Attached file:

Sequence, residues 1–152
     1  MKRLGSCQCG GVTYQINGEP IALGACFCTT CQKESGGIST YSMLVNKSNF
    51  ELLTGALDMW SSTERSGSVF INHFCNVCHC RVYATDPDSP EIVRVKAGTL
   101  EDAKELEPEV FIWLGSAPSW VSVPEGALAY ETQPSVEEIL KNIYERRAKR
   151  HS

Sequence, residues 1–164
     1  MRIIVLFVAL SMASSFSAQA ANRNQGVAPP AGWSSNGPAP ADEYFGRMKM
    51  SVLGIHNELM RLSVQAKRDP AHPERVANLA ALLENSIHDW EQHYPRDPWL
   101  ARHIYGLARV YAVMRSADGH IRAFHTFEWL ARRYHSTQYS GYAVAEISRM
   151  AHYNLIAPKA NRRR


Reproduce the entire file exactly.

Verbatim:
Sequence, residues 1–152
     1  MKRLGSCQCG GVTYQINGEP IALGACFCTT CQKESGGIST YSMLVNKSNF
    51  ELLTGALDMW SSTERSGSVF INHFCNVCHC RVYATDPDSP EIVRVKAGTL
   101  EDAKELEPEV FIWLGSAPSW VSVPEGALAY ETQPSVEEIL KNIYERRAKR
   151  HS

Sequence, residues 1–164
     1  MRIIVLFVAL SMASSFSAQA ANRNQGVAPP AGWSSNGPAP ADEYFGRMKM
    51  SVLGIHNELM RLSVQAKRDP AHPERVANLA ALLENSIHDW EQHYPRDPWL
   101  ARHIYGLARV YAVMRSADGH IRAFHTFEWL ARRYHSTQYS GYAVAEISRM
   151  AHYNLIAPKA NRRR